Eury v. Huff, 141 F.2d 554 (4th Cir. 1944)Annotate this Case
March 31, 1944
Circuit Court of Appeals, Fourth Circuit.
George E. Haw, of Richmond, Va., for appellant.
George R. Humrickhouse, Asst. U. S. Atty., of Richmond, Va. (Sterling Hutcheson, U. S. Atty., of Richmond, Va., on the brief), for appellee.
Before PARKER, SOPER, and DOBIE, Circuit Judges.
PARKER, Circuit Judge.
This is an appeal from an order discharging a writ of habeas corpus and remanding petitioner to the custody of the Superintendent of the District of Columbia Penal Institutions, by whom he was held for the service of a sentence of imprisonment imposed by the United States District Court for the District of Columbia. Petitioner was convicted of the crime of housebreaking *555 and larceny and was sentenced to a term of from two to six years imprisonment. He was represented at the trial by an attorney of his own choosing, and there is nothing to show that he was not fairly tried and convicted. He asks release under the writ of habeas corpus on the ground that the jury that convicted him was composed of only ten men; but it appears that his attorney agreed to waive the constitutional requirement and proceed with a jury of ten and that petitioner himself agreed to this. He says now that when he gave his consent he did not know that he was entitled to a jury of twelve; but there is nothing to show that the attorney was lacking in this elementary knowledge or that any advantage was taken either of petitioner or the attorney.
We agree with the court below that there was a valid waiver of the constitutional right to trial by a common law jury of twelve and that the sentence of the court based upon the verdict was not subject to attack. Patton v. United States, 281 U.S. 276, 50 S. Ct. 253, 74 L. Ed. 854, 70 A.L.R. 263; Adams v. United States ex rel. McCann, 317 U.S. 269, 275, 63 S. Ct. 236, 87 L. Ed. 268, 143 A.L.R. 435. The contention that the waiver made by petitioner's counsel is not binding because petitioner himself did not understand the nature of the right waived is manifestly unsound. As said by Judge Freeman in his note in 132 Am.St.Rep. 148, 152: "Not only has an attorney authority, by virtue of his retainer and general employment in a case, to control all matters of procedure in the action, but he has control of such matters to the exclusion of his client. It is necessary to the decorum of the court and the due and orderly conduct of the cause that the attorney should have the control and management of the action." See also 5 Am.Jur. 314; 7 C.J.S. Attorney and Client, § 81, pp. 902, 903; Dick v. United States, 8 Cir., 40 F.2d 609, 70 A.L.R. 90; Sayre v. Commonwealth, 194 Ky. 338, 238 S.W. 737, 24 A.L.R. 1017; Anglo California Trust Co. v. Kelly, 95 Cal. App. 390, 272 P. 1080; Bizzell v. Auto Tire & Equipment Co., 182 N.C. 98, 108 S.E. 439; Garrett v. Hanshue, 53 Ohio St. 482, 42 N.E. 256, 35 L.R.A. 321; Gorham v. Gale, 7 Cow.,N.Y., 739, 17 Am.Dec. 549.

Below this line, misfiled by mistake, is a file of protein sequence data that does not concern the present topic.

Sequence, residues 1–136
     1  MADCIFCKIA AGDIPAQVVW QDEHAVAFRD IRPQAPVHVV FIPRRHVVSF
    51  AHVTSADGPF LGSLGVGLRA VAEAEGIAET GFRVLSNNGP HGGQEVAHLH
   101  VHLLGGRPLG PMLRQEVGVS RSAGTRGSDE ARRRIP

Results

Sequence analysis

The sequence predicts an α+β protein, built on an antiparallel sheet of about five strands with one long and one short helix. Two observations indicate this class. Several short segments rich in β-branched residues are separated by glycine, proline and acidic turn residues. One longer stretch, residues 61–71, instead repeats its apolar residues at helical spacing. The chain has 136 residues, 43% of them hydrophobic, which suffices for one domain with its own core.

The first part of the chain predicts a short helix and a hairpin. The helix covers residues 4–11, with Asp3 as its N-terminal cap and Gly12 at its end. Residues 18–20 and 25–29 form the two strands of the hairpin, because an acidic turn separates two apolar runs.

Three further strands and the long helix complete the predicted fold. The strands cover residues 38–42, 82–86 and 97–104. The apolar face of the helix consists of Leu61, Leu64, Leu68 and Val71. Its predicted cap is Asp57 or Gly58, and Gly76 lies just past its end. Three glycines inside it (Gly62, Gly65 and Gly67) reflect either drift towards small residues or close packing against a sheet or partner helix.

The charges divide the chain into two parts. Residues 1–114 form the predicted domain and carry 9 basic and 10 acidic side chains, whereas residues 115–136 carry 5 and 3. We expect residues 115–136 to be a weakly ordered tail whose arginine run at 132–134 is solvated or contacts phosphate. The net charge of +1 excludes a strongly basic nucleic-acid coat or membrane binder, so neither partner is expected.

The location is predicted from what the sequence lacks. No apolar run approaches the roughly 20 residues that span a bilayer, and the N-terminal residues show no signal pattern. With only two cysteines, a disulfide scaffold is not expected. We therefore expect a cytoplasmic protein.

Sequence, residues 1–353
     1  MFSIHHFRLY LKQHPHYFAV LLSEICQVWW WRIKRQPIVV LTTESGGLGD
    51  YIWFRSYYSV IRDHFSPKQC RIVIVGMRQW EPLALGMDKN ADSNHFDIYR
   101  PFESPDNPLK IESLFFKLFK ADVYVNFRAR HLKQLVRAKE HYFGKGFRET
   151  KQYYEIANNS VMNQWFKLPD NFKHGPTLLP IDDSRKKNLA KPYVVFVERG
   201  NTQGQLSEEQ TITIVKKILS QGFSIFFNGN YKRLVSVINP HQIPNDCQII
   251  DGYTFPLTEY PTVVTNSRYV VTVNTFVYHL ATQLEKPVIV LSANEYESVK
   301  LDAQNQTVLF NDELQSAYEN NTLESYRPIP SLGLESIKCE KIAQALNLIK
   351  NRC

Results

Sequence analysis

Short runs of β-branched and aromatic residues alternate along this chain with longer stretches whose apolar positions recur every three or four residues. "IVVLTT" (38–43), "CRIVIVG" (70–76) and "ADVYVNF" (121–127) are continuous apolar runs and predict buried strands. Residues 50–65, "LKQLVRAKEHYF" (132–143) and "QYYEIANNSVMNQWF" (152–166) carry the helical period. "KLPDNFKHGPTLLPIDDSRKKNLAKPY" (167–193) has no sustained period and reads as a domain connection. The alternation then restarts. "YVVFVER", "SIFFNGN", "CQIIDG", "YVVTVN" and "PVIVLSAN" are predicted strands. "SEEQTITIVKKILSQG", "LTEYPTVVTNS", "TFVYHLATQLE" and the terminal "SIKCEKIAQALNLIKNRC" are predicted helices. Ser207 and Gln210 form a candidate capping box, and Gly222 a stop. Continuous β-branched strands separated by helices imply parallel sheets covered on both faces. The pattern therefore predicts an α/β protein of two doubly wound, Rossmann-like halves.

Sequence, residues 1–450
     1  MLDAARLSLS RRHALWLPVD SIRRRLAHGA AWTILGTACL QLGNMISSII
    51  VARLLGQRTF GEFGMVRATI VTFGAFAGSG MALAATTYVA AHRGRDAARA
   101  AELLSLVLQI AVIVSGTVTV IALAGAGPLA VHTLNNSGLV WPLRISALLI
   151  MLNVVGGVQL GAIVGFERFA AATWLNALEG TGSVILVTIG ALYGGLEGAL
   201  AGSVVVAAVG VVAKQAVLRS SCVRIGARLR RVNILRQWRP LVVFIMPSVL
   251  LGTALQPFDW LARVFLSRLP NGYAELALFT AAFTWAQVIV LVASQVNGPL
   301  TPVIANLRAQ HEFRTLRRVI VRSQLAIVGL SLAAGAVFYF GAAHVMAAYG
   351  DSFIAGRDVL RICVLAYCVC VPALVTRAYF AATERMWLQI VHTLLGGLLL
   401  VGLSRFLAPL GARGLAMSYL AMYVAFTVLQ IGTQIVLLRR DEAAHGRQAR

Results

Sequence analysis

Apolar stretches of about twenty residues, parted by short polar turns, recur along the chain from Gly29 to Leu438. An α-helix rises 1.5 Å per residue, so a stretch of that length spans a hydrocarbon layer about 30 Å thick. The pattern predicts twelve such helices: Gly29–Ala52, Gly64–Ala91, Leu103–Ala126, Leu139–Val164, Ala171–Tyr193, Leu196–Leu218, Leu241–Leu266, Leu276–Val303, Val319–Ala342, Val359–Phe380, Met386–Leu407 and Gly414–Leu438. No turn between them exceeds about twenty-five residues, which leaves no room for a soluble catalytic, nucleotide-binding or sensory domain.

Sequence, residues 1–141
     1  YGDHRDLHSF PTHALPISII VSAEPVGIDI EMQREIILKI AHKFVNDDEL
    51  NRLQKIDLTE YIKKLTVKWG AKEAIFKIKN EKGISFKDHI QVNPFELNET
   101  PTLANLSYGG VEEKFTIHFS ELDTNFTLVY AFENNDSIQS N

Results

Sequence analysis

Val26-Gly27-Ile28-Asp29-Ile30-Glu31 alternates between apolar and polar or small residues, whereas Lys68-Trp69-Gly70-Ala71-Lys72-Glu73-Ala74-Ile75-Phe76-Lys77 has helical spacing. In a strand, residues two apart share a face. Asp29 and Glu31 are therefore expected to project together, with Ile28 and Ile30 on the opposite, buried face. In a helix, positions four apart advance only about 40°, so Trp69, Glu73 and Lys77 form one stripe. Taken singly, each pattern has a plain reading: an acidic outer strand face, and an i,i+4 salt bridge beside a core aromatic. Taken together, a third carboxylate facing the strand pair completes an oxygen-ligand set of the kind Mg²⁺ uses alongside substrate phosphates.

In addition to this, the question was one that could have been raised only in the original cause and not collaterally by petition to be released on habeas corpus. Riddle v. Dyche, 262 U.S. 333, 43 S. Ct. 555, 67 L. Ed. 1009. A prisoner does not show right to release on habeas corpus merely by showing error on his trial, even though this involve a violation of constitutional right. To entitle him to release on habeas corpus there must have been such "gross violation of constitutional right as to deny [to the prisoner] the substance of a fair trial and thus oust the court of jurisdiction to impose sentence." Sanderlin v. Smyth, 4 Cir., 138 F.2d 729, 731. In the case cited, we laid down with some care the rules applicable to the issuance of the writ of habeas corpus in the case of a prisoner held under the judgment of a state court. The same rules are applicable in the case of a prisoner held under the judgment of a federal court, except, of course, that the rules as to the exhaustion of state remedies do not apply.
The order appealed from will accordingly be affirmed.